November 2030 Well, uh, this sucks. Just a few short months after the Arab States of the Gulf finally unified, the world economy decided to explode. This is what we in the business of economics call a very bad thing. The effects across the FAS have been relatively disparate. The United Arab Emirates, easily the most diversified economy in the region, has been the least heavily impacted (though it's still bad). Diversification programs in Oman and Bahrain have also helped to stave off some of the worst impacts of the crisis, though they haven't been as successful in avoiding the effects as the UAE. Qatar and Kuwait, still almost entirely reliant on hydrocarbon exports, are not happy with this turn of events. Falling global oil prices, though propped up a little by a sudden increase in demand from China, have left their economies struggling much more than the rest of the country, and in desperate need of assistance from the better off parts of the country. One major pain point in this crisis has been the FAS's economic ties to the United States. While most of the FAS's trade is with Asia, Africa, and Europe, the US financial system still plays a crucial role in the FAS. The stability of the US Dollar has long been used to protect the economies of the Gulf using their vast Forex reserves (earned from oil sales) to peg their currency to the US Dollar. With the US Dollar in complete collapse, the value of the Khaleeji is plummeting right along with it, causing a significant degree of harm to the FAS's economy. To help offset this harm (and to decouple the FAS's economy from a country that the FAS is starting to view as maybe not the most reliable economic partner), the Central Bank in Dubai has announced that the Khaleeji will switch its peg from the US Dollar to a basket of foreign currencies (the Euro, the Pound Sterling, the Swiss Franc, the US Dollar, and the Japanese Yen). The FAS hopes that this will help to salvage the Khaleeji's value, better protecting the economy from the collapse of the dollar-based international financial system. Rumor has it that the Central Bank is discussing the idea of unpegging the Khaleeji entirely and allowing it to float freely, but so far, the Central Bank has made no moves towards floating the Khaleeji. Crises suck. They shatter the status quo and throw established norms and procedures into chaos. No one really wins during a crisis. But in another sense, they're a double-edged sword. The status quo is often a repressive entity, reinforcing existing hierarchies and preventing dramatic shifts in the order of things. Chaos breaks that apart, giving the ingenuitive and the entrepreneurial on opportunity to better their lot in ways they otherwise could not. Put differently: chaos is a ladder, and the FAS intends to be the one climbing it. As the largest economy in the Arab World (and one of the world's 20 largest economies) by both nominal GDP and GDP per capita (by a significant margin--it's probably either Saudi Arabia or Egypt in second place in nominal GDP, and definitely Saudi Arabia in second place in GDP per capita, but the FAS more than doubles the country in second place in both categories, so it's sort of a moot point), the FAS hopes to cement its place as the regional economic power. The FAS has announced a new slate of policies intended to attract rich investors, manufacturing firms, and financiers fleeing the new nationalization program of the United States. New free trade zones have been created throughout the country--especially in the struggling, undiversified regions of Kuwait and Qatar--with the goal of convincing fleeing American manufacturers to set up shop in these areas. Attractions include wildly low tax rates (as low as zero percent in some instances), a common law framework (as opposed to the Sharia-based legal system in most of the FAS), highly subsidized land prices (sometimes free), relaxed financial restrictions (making it easier to move money in and out of the FTZ), and, for large enough firms moving enough operations into the country, preferential visa treatment (making it easier for them to relocate foreign employees into the country). Sitting at one of the major crossroads of global trade, moving operations to the FAS offers easy access to both the world's established consumer markets (like the EU and East Asia) as well as to some of its largest growing markets (South and Southeast Asia, East Africa, and MENA). Pair this with wildly high standards of living (for people who aren't slaves Asian or African migrant workers) and established expatriate communities, and the FAS becomes an incredibly attractive option for American and other foreign firms looking to relocate. In addition to manufacturing-oriented FTZs, special attention has been paid to attracting service-oriented firms to new and existing FTZs in the vein of Dubai Internet City, Dubai Design District, Dubai Knowledge Park, and Dubai Media City, with the goal of developing a robust service economy that can capture growing markets in the MENA, South Asia, and East African regions. In advertising these zones, the governments of the FAS have highlighted the success of previous ventures in Dubai, which have attracted the regional headquarters of giants like Facebook, Intel, LinkedIn, Google, Dell, Samsung, Microsoft, IBM, Tata Consultancy, and more. Perhaps one of the most substantial pushes, though, is to attract American financial services and FinTech firms to base in the FAS (particularly Dubai, Kuwait City, Doha, and Abu Dhabi, the traditional centers of regional finance). New financial industry free trade zones have been set up in the four cities, structured in the vein of the Dubai International Financial Centre (DIFC). These financial FTZs boast an independent and internationally regulated regulatory and judicial system, a common law framework, and extremely low taxation rates. All government services in these regions are available in English (the lingua franca of international finance), and in events where ambiguity exists in the legal and regulatory systems, the systems are set to default to English Common Law (except for the Kuwait City International Financial Centre, which is hoping to better tailor itself towards American financial firms by defaulting to American Civil Law from pre-2020 rather than English Common Law). Much like in the DIFC, these new FTZs will also run their own courts, staffed in large part by top judicial talent from Common Law (or in the case of Kuwait City, American Civil Law) jurisdictions like Singapore, England, and (formerly) Hong Kong. Using these FTZ, the four cities hope to raise their profile as financial centers. Dubai in particular is hoping to break into the top ten global financial centers--and it stands a good chance of doing so, too, as it sits at number 12, just behind cities like LA, SF, and Shenzhen--while the other cities are just hoping to boost their profile into the 20s or 10s (according to Long Finance, Dubai is number 12 in the world and 1 in the region, Abu Dhabi is number 39 in the world and two in the region, Doha is number 48 in the world, and Kuwait City is number 91).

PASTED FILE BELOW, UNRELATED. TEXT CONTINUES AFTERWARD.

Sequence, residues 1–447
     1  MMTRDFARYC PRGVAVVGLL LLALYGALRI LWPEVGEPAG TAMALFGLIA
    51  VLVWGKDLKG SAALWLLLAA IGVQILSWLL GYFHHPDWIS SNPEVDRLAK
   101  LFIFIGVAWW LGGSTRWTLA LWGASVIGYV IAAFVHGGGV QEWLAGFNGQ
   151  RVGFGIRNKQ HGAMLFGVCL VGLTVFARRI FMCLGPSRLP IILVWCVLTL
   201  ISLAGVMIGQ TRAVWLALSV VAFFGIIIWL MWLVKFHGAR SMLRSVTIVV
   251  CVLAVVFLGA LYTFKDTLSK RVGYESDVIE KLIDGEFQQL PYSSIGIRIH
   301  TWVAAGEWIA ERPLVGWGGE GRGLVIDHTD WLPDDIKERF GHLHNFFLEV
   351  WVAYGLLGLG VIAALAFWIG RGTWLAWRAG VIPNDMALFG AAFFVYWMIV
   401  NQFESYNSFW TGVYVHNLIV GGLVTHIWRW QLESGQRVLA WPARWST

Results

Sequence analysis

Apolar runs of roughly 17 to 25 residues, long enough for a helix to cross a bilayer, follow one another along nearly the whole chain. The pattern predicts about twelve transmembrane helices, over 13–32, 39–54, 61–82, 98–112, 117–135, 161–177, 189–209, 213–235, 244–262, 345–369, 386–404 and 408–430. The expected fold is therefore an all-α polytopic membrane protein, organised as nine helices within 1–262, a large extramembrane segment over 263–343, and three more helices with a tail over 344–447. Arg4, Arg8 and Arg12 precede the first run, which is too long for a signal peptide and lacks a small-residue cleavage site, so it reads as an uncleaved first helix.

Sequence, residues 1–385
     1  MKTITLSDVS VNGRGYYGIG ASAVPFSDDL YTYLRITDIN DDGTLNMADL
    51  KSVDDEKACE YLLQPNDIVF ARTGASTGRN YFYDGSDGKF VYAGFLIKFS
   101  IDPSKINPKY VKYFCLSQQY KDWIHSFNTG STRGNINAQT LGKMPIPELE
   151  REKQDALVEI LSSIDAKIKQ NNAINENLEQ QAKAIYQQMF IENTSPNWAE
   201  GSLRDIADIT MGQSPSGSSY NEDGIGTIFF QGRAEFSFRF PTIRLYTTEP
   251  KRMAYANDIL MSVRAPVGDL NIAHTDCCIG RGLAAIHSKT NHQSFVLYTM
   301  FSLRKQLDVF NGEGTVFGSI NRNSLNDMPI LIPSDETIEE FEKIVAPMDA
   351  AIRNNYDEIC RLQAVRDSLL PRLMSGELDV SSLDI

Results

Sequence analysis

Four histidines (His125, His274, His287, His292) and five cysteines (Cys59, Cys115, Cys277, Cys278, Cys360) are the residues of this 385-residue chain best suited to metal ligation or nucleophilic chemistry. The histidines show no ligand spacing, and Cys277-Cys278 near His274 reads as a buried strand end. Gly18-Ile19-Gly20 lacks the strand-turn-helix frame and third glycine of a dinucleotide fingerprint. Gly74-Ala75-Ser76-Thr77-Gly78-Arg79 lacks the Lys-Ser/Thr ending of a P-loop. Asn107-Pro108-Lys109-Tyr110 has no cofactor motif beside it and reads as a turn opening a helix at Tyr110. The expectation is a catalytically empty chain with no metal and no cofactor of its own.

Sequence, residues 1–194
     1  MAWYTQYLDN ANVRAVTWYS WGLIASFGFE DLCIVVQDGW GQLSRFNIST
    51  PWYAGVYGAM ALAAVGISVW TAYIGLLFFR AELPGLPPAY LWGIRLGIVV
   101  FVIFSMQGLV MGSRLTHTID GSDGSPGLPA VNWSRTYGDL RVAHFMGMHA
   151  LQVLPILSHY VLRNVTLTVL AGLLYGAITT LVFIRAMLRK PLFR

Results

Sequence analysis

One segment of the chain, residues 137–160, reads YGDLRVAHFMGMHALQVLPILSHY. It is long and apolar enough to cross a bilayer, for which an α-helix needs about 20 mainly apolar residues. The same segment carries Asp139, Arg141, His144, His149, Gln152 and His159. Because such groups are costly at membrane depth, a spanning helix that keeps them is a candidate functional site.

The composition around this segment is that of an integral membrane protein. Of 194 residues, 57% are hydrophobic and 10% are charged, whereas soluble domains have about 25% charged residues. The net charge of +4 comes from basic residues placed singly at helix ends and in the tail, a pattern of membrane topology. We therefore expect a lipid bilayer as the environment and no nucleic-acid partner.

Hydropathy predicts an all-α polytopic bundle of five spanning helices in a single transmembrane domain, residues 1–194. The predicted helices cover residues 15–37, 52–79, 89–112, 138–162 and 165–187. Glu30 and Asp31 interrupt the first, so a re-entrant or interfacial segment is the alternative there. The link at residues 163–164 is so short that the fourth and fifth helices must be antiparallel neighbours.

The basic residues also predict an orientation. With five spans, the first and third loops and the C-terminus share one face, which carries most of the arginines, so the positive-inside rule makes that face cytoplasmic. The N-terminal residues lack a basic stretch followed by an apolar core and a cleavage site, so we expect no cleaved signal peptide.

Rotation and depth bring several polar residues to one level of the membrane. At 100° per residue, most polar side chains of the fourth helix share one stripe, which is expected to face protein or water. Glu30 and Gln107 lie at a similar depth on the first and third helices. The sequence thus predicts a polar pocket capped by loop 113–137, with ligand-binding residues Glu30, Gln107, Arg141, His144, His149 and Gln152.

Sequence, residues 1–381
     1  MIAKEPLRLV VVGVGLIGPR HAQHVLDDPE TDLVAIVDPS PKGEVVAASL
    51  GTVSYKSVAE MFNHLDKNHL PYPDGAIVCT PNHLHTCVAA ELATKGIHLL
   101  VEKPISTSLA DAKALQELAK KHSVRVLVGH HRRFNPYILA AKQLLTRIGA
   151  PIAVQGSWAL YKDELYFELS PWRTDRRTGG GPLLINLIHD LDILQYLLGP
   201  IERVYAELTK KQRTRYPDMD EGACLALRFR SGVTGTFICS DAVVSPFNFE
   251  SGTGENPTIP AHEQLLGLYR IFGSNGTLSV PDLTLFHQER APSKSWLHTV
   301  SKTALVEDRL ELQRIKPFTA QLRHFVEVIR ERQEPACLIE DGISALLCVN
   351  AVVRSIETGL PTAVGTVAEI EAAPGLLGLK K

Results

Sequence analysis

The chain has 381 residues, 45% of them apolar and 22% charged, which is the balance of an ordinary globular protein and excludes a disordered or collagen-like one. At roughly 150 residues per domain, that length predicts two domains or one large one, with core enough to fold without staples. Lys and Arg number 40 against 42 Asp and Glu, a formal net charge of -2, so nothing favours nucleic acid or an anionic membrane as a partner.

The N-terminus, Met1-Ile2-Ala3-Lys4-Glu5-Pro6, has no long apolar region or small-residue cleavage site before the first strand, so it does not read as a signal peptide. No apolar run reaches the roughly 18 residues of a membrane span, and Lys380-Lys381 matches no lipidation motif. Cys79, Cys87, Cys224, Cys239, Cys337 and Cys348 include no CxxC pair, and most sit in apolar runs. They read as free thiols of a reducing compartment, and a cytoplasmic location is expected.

The job? I cold called Nigerians and South Africans, convince them to open a CFD trading account with up to 1:400 leverage and make them deposit as much money as possible. Now, a bit of background; This was happening in Sofia, Bulgaria and as much as I know, still does. The poorest country in the EU. Average monthly salary is $700, average monthly pension is around $180. Imagine a low budget version of the shittiest boiler room movie you can recall. You are not even close. A Turkish prison looks much better. Not even a cubicle. A table, and as much people sitting on, below, around it, etc. So, you are calling those people and you chase them 8 hours a day, with the sole purpose of taking their money. Lying is okay, no regulation, dialing through a VPN, using stage names. Now, the people who worked there were mostly young people, quite stupid to be honest.But really, really manipulative, deceiving, sneaky, stone cold liars. In my working docs, it said I was a "marketing specialist". In the actual company though, you are either "sales" or "retention". The sales agent must close the lead, gets a deal on the board and passes it to the Retention agent. And the madness begins. CFD`s are banned in the US, so those types of companies work with the rest of the world. For the last 8 years, South Africa, Italy, Germany, UK and Spain are the biggest markets. So, fast forward,a few months pass and I end up being a Retention agent. On my second day there, the boss comes out and says the Top10 salaries in the department. At this point of my life, I though $1500 is an amazing salary, considering the average is 7$00. "$46 000, Mr.X" "$35 000, Mr.Y" Etc... Umm. What? So how you make so much money? Once you get a lead, your job is to tear him/her apart. Lie, manipulate, build chemistry, build solid KYC, promise the world, scam and take every last penny of the poor soul. 95% of the First Time Deposits are below the $500 mark. Then the retention agent makes sure to throw the poor soul in the ocean of CFDs. One thing amazes me quite a lot. Most of the people who open accounts are genuinely stupid, some are totally broke. The company wasnt regulated, there were like 250 comments in forums that we are scammers, but people still joined. "But I read in the web that you are not regulated and you will steal my money" "If I write an article that you are a gay, would this be true?" Boom. That easy. Throughout my whole career I have literally seen amazing stuff ...a person saying "no" for 10 minutes straight. Then he deposited Grown ass men, being screamed at like they`re in 2nd grade. A guy from Nigeria, used to scream while depositing and losing $75 000. He claimed he was the Tiger of Forex. Lost a bit more than $800 000. Depositing and losing. The retention agent`s commission was based on the net amount of deposits and withdrawals of your portfolio. Depending on the money you had brought, the commission was between 3% and 8.3%. Different bonus accelerators, bonuses for trading volumes, spread generated, incentives, etc. The best agents brought between 350k/700k a month. Once again, almost nobody from the whole department knew anything about the financial markets. But once you get a lead who has no clue what is going on, you paint the picture. When you can make a few hundred percent gain in a day... Why not? Literally can not go tits up. We called the clients and the show began. Exposing their accounts on a 100%, calling them for more money when the margin went down, we educated them! You will be amazed, how a man can believe a voice in the phone more than he can trust his eyes and own mind. From day 1, you see what kind of a person you are dealing with. Some go massive yolo. Some open one trade a week. Some literally spend 18 hours a day, losing since the beginning. So, in a way,as an ex gambler I started to feel bad. Seen so many depleted credit cards, broken lives, it really put me in perspective. Yeah, money was good for a 22 year old. Seeing a few guys who were making upper 6 digits was quite motivating. Eventually I could not take it. I know how it feels, being a gambler. So, as I saw both sides of the coin Took a break and a few years later I began working in a regulated company. But the job is still the same. I just can not lie... a lot : ). But I noticed something else. Now I am actually trying to help the clients. I don`t pitch them for more money. I am trying to really help. Literally telling them and warning them about everything that can go bad. Most folks now do not really want to speak with me, because they think I want to screw them (cant blame them) And somehow I reach the company target, while browsing reddit, smoking a pack a day, scratching my balls and going yolo on a demo account :) My question is: Should I leave my portfolio alone and see how much people will lose? Should I actually pitch them and chase their money and make more commission for me? Or should I continue trying to actually help them make money, but clearly waste my time? PS: yolo, buy #vxxb (already inverted)